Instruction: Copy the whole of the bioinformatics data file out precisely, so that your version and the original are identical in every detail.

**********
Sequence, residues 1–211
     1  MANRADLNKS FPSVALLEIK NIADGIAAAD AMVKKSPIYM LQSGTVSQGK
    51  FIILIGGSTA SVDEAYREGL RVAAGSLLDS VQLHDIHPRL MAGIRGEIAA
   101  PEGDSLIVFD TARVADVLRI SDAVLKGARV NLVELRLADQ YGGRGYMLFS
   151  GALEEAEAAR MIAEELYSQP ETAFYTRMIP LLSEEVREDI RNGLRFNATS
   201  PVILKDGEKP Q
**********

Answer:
Sequence, residues 1–211
     1  MANRADLNKS FPSVALLEIK NIADGIAAAD AMVKKSPIYM LQSGTVSQGK
    51  FIILIGGSTA SVDEAYREGL RVAAGSLLDS VQLHDIHPRL MAGIRGEIAA
   101  PEGDSLIVFD TARVADVLRI SDAVLKGARV NLVELRLADQ YGGRGYMLFS
   151  GALEEAEAAR MIAEELYSQP ETAFYTRMIP LLSEEVREDI RNGLRFNATS
   201  PVILKDGEKP Q